The study procedures closely paralleled those of the artesunate monotherapy arm of a randomized control trial conducted in 2002–2004 in the same village by the same study team [14]. The main differences from the 2010–2011 study were the following: (1) smears were prepared at the time of screening (day 0) and on follow-up days 1, 3, 7, 14, 21, and 28. For quality control purposes, a 10% sample of all slides was read by a second blinded microscopist; (2) artesunate as monotherapy (50 mg tablets, Arsumax®, Sanofi-Aventis) was administered as described above but for 5 days instead of 7 days. In each study, data were collected on case report forms and then double-entered into a Microsoft Access database. Categorical variables (e.g., gametocyte carriage) were compared using the chi-square test and the two-sided Fisher’s exact test. Continuous variables (e.g., gametocyte density) were compared using Student’s t-test or the Mann-Whitney test, as appropriate. All statistical analyses were done with Stata version 11.0 (StataCorp, College Station, TX, USA). P values less than 0.05 were considered statistically significant.


Study population

Of the 100 children originally enrolled in the 2010–2011 study, 92 were included in this analysis. Six were excluded for having received an incorrect dose of artesunate on the first day of treatment, and two were excluded after their treatment was changed from artesunate to intramuscular artemether and quinine, respectively [23]. From the 2002–2004 study, a total of 217 children aged 1–10 years who received artesunate monotherapy were included in this analysis, of whom 76 were enrolled during the months of December and January.

Dynamics of gametocyte carriage

In the 2010–2011 study, 22.8% of children (21 of 92) were gametocyte carriers at the time of treatment initiation (Fig. 1). The proportion of gametocyte carriers was unchanged at the end of treatment on day 7 (23.9%, n = 92; p > 0.9). However, by day 21 of follow-up there was a significant decline of gametocyte carriage (6.5%, n = 92; p = 0.003). Of those initially gametocytemic, 20 (95.3%), 18 (85.7%), 16 (76.2%), 16 (76.2%), 9 (42.9%), 5 (23.8%), and 2 (9.5%) remained carriers at follow-up days 1, 2, 3, 7, 14, 21, and 28, respectively.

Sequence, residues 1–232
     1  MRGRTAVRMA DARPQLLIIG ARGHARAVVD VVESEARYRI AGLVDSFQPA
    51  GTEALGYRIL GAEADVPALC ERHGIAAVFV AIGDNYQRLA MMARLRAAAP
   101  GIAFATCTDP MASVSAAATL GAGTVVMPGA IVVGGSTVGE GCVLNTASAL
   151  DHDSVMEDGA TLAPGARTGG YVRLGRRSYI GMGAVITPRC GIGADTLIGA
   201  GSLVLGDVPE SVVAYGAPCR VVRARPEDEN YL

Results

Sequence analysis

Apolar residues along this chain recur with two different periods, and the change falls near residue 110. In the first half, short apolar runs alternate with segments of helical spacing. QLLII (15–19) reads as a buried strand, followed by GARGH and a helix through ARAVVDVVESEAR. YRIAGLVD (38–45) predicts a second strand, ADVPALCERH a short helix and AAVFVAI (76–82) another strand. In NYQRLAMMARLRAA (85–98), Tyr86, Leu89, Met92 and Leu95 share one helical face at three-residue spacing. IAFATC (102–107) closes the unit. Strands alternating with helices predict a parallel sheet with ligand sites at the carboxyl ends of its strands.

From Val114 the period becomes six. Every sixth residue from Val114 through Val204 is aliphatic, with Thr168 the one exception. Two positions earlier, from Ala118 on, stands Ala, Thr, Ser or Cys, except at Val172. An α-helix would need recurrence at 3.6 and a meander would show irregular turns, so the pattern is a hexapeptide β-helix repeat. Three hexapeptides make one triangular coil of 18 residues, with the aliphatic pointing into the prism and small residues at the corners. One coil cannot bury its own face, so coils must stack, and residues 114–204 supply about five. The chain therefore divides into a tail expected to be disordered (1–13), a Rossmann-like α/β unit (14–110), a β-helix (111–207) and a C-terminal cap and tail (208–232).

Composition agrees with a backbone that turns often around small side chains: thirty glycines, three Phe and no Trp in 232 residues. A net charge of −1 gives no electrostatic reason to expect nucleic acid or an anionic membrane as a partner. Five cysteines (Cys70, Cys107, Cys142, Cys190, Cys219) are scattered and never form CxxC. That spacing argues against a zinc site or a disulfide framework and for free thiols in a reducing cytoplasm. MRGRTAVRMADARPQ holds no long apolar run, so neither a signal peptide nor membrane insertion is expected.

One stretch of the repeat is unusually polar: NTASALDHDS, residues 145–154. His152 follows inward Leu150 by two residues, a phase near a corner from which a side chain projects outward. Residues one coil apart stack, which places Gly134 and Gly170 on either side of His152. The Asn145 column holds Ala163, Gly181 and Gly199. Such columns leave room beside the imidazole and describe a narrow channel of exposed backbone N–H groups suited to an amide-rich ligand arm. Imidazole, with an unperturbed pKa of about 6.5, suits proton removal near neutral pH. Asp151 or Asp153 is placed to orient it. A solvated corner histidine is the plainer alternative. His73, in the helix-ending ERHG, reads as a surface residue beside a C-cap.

thumbnail Figure 1.

Evolution of gametocyte carriage: results are based on all children included from the 2010–2011 study (n = 92), not just initial carriers.

In the 2002–2004 study, 6% of children (13 of 217) were gametocyte carriers at the time of treatment initiation. The proportion of gametocyte carriers actually rose on day 1 of follow-up to 12.4% (p = 0.03), and did not drop significantly until day 21 of follow-up (0.5%, p = 0.002). Inter-study comparison shows that the gametocyte carriage rate was significantly higher in 2010–2011 than in 2002–2004 (22.8% vs. 6%, p < 0.0001). When the 2002–2004 study population was restricted to patients recruited during the months of December and January, the difference was still statistically significant (22.8%, n = 92 vs. 10.5%, n = 76; p = 0.04).

Dynamics of gametocyte density

In the 2010–2011 study, the geometric mean gametocyte density at inclusion remained unchanged at the end of treatment (29.3 gametocytes/μL, 95% CI 18.5–46.6 vs. 23.9 gametocytes/μL, 95% CI 13.4–42.5; p = 0.6). The number of gametocyte carriers toward the end of the follow-up was too small for any meaningful comparisons (Fig. 2). Figure 3 shows the evolution of gametocyte density among the initial 21 carriers only.

thumbnail Figure 2.

Dynamics of gametocyte density: results are based on all children included from the 2010–2011 study (n = 92), not just initial carriers.

thumbnail Figure 3.